The Rewriting Revolution

Earlier this week, I discussed the ethical and safety implications of the potential for germline editing using CRISPR/Cas9 technology, referencing  the ‘rumors’ that international scientists had already begun experimenting with human embryos. On Wednesday, the rumors became fact, as Nature News reported the world’s first example of gene editing in human zygotes. The study, led by Junjiu Huang at Sun Yat-sen University, was published in the online journal Protein and Cell.

The scientists targeted the human beta globin gene (HBB) which, when mutated causes the blood disorder b-thalassemia. The investigators used non-viable embryos; eggs that are fertilized by two sperm and therefore do not develop. They are typically discarded by fertility clinics, providing a potential ethical alternative model system for normal human embryos.  While CRISPR/Cas9 was shown to be successful in cleaving the endogenous HBB gene, the paper details numerous obstacles to using this technique for clinical applications in human embryos.

First, the efficiency of the technology was found to be much lower than what would be necessary for use in normal embryos. The researchers injected 86 embryos with Cas9, guide RNA to target HBB, and single-stranded DNA (ssDNA) that, if successful, would be inserted into the HBB locus. Seventy-one of these embryos survived. Out of these, 28 were cleaved by Cas9, but only 4 or 14.3% were edited with the ssDNA. Instead, the double-stranded breaks induced by Cas9 were preferentially repaired by direct ligation of the broken ends, which would not correct the mutations and could also induce additional mutations into the target gene. For ethical reasons, the efficiency and survival would need to be close to 100% to be used in viable human embryos.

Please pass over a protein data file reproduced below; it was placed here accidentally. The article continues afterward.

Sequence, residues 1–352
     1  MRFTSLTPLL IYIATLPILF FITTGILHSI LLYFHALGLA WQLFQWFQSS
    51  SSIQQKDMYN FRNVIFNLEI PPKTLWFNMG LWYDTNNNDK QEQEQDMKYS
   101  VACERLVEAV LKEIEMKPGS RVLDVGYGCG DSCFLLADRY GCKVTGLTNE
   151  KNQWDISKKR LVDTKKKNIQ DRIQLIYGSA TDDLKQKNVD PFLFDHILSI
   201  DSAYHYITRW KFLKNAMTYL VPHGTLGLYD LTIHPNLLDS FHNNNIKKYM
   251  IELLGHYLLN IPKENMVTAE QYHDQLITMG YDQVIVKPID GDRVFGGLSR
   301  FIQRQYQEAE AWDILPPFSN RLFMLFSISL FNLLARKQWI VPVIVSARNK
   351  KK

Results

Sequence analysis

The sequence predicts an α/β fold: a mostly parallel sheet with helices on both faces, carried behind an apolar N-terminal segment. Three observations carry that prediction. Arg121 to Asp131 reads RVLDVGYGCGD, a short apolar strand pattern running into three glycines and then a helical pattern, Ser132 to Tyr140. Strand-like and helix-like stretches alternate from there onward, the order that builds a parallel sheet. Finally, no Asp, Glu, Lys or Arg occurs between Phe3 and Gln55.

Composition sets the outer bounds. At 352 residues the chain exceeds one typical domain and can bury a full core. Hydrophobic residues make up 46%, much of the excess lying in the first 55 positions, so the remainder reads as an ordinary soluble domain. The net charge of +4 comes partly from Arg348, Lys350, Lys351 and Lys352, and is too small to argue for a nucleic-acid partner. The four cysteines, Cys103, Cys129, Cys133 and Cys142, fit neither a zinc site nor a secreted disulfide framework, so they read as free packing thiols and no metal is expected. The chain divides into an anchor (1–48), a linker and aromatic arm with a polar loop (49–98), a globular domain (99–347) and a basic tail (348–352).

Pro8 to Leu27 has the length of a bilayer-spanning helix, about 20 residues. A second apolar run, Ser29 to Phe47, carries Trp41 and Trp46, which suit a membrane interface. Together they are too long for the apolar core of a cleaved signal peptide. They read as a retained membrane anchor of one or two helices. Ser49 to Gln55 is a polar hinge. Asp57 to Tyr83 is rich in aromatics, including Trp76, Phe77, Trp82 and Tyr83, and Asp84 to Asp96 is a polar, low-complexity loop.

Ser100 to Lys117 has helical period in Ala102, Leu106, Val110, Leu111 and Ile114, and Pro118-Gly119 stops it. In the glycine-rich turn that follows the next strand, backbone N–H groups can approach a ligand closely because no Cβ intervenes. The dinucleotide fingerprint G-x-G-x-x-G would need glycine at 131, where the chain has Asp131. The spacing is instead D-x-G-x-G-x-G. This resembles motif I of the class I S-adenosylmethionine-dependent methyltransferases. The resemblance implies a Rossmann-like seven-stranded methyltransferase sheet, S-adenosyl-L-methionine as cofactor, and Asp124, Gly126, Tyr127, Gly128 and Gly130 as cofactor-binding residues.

Second, numerous off-target effects were detected, meaning the guide RNA induced double-stranded breaks in other genes besides HBB. These unintended mutations were seen at much higher rate than what had been observed in stem cells or mouse embryos, which is alarming. Off-target editing can damage healthy DNA to cause numerous side-effects and diseases if propagated in human embryos.

The results of this study further underscore the need to halt the use of CRISPR/Cas9 in human embryos until the technique can be optimized in human cells or animal models to improve the efficiency of gene-editing and reduce off-target mutations. However, rumors continue to suggest that at least four other groups are editing human embryos. 

Bioethics and Ebola

In December 2014, Presidential Commission for the Study of Bioethical Issues requested public comments on the complex ethical landscape of U.S. public health emergency response to the Ebola virus disease (EVD). Specifically the Commission sought comment on the following 7 topics:

  1. Ethical and scientific standards for public health emergency response;
  2. Ethical and scientific standards that guide the use of quarantine or other movement restrictions during public health emergencies;
  3. The impact of quarantine or other movement restrictions on the availability or willingness of health workers to volunteer to contain the epidemic in disease-affected areas;
  4. The impact of quarantine or other movement restrictions on public fear and anxiety about potential threats to public health;
  5. How U.S. public policy and public health response to the current EVD epidemic might or should affect public attitudes to, and further U.S. policy and public health response to, other current and future public health issues and emergencies;
  6. Ethical and scientific standards for placebo-controlled trials during public health emergencies;